In an impoverished Louisiana bayou community, a six-year-old girl and her father try to ride out Hurricane Katrina. While the child hallucinates about extinct cattle. It’s an unusual plot and an unusual film, one that both captivates and baffles. It’s also difficult to categorize. Although it features disaster, Beasts of the Southern Wild is not a disaster movie – the catastrophe is a side event that merely makes the characters’ subsistence lives even tougher. There’s fantasy, parable and poetry in there, and the result is a lyrical meditation on themes from community to environmentalism.
The heart of the film is Hushpuppy (Quvenzhané Wallis, improbably playing a character whose name is more quixotic than her own), being raised in a dilapidated trailer by her ailing dad Wink (Dwight Henry). Although Wink is a violent drunk, the film refuses to condemn him (perhaps owing to the greater slack society cuts imperfect fathers). In times of fear, Hushpuppy calls out to her mother, who may be dead or just absent. Despite the appalling conditions, the child seems fairly happy, and she and Wink live without complaint in the area they call the Bathtub, which is the wrong side of the levee and so largely ignored by the government. Indeed, normal social mores are suspended in the Bathtub: the people follow their own calendar, kids attend a ramshackle establishment that passes for a local school and different races rub along together, united by their poverty and carpe diem exuberance.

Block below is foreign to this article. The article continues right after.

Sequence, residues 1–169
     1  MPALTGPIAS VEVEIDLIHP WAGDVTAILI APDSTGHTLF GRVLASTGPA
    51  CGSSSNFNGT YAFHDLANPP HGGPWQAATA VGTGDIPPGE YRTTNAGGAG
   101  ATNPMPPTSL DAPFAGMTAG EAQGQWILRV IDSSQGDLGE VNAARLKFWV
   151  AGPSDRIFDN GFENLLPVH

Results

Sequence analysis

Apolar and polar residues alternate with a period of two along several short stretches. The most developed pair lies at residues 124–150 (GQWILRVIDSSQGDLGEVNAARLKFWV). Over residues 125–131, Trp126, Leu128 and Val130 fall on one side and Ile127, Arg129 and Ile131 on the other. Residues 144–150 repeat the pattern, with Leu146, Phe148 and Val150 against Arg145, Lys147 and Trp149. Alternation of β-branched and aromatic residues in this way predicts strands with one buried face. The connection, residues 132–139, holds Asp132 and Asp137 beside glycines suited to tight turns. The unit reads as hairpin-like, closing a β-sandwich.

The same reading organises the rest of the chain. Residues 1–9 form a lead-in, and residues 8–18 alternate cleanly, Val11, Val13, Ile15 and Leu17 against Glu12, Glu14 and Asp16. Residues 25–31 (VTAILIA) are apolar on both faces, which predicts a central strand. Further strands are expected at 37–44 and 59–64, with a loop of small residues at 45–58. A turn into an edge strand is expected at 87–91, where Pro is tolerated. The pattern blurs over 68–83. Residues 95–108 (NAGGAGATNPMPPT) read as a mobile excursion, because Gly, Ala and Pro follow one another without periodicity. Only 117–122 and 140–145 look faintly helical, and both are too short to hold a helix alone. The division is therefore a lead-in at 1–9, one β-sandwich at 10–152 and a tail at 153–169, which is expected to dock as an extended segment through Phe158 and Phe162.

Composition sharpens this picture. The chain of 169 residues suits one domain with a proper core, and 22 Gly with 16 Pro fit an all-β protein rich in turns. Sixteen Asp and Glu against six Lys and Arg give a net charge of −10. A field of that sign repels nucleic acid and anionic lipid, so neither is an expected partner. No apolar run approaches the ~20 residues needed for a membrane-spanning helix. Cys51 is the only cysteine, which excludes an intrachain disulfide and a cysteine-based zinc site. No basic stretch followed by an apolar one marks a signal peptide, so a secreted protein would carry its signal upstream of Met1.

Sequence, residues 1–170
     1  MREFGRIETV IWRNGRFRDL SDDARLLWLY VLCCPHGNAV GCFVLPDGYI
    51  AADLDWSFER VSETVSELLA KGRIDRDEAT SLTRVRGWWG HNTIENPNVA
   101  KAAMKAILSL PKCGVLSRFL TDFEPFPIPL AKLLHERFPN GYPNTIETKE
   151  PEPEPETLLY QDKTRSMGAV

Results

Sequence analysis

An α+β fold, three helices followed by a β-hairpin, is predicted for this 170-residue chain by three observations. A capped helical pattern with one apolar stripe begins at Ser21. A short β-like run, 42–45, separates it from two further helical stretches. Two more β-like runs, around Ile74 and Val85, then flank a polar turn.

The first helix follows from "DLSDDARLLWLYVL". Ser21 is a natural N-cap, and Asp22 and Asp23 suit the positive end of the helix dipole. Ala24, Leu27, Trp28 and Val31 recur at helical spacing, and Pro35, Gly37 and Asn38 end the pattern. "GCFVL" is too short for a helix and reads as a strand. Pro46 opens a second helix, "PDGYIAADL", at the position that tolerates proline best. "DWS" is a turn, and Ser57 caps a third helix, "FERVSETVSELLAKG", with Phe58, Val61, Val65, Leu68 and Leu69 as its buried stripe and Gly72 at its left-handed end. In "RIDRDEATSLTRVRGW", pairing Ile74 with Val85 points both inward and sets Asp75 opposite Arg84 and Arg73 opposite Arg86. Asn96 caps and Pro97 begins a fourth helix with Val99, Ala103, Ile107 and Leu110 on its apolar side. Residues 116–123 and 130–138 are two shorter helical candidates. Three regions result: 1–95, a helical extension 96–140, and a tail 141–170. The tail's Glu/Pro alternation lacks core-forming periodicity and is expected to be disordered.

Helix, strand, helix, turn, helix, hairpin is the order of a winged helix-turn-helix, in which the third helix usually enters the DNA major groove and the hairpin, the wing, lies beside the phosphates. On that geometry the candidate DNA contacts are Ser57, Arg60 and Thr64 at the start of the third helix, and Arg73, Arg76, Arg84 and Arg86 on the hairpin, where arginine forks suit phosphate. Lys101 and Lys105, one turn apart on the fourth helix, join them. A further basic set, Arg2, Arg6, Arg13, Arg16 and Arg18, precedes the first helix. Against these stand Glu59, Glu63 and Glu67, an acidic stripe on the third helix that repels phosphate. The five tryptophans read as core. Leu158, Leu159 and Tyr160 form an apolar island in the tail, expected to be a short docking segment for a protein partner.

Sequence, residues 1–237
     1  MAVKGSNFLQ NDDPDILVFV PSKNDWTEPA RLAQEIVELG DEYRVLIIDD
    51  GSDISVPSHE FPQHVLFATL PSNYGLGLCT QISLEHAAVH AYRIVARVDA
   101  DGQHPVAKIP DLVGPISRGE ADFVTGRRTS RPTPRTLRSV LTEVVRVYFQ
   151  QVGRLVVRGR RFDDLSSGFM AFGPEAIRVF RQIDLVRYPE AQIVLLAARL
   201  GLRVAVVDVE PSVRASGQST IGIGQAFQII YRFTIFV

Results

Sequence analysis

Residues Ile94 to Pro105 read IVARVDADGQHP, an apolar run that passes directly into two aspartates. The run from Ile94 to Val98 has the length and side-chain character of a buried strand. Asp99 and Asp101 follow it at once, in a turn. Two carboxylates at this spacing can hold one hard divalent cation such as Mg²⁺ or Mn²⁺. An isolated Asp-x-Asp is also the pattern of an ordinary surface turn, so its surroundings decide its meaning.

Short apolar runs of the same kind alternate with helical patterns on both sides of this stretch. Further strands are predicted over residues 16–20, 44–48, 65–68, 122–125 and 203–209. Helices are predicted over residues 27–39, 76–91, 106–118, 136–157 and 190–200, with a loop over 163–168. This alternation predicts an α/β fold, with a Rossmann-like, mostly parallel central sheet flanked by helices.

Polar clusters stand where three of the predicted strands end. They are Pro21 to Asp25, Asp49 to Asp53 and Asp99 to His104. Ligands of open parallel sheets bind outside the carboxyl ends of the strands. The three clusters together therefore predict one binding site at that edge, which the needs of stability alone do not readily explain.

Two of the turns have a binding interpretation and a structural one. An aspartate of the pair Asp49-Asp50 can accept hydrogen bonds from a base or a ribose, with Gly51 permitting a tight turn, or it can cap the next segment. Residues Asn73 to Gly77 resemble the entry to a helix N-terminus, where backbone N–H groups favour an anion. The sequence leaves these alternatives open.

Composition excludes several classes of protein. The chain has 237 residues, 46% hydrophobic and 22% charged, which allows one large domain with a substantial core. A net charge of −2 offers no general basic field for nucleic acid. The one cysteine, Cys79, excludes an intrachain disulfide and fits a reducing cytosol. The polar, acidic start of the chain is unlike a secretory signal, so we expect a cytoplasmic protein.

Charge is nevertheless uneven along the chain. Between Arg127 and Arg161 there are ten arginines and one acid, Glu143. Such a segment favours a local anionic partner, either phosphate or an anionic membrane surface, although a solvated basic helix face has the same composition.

And this is one thing that makes the movie morally troubling. Though director Benh Zeitlin avoids making overt political comment – there is no Bush bashing – the warmth with which the Bathtub eccentrics and their idiosyncratic lifestyle are depicted cannot help but sentimentalize grinding poverty, alcoholism and implicitly child abuse.
Another disconnect is between Hushpuppy the character and Hushpuppy the narrator. While a child raised in hardscrabble circumstances might gain a wisdom beyond their years, in daily life Hushpuppy is taciturn, and yet her commentary is eloquent, often philosophical. Some would also say cloying, and it’s possible to discern some environmental hectoring in the interspersed scenes of melting ice caps.
The viewer’s patience may be further tested by the slow, meandering plot (I use the term loosely). There is a lengthy build-up to the storm, and a bizarre diversion when Hushpuppy heads off on an aquatic expedition to find her mother.
Despite these flaws, Beasts of the Southern Wild manages to retain the viewer’s attention. This is partly because it is a refreshing departure from the formula that dominates modern movie-making. Just as the Bathtub is cut off from mainstream (and mainland) America, Zeitlin’s film is as far from Hollywood as a US movie can get.
Visually, it can be alluring and striking, though the beauty is of a desolate kind, epitomized by stricken bayou landscapes that nod to Apocalypse Now. This rawness chimes with the performances (non-professional actors were used), and the intensity and precociousness of Quvenzhané Wallis’s turn – she was five when she auditioned for the part – made her the youngest Best Actress Oscar nominee. It is part of the beauty among the beasts.
Director: Benh Zeitlin
Starring: Quvenzhané Wallis, Dwight Henry
On at: Cinema Union, Cinema Digiplex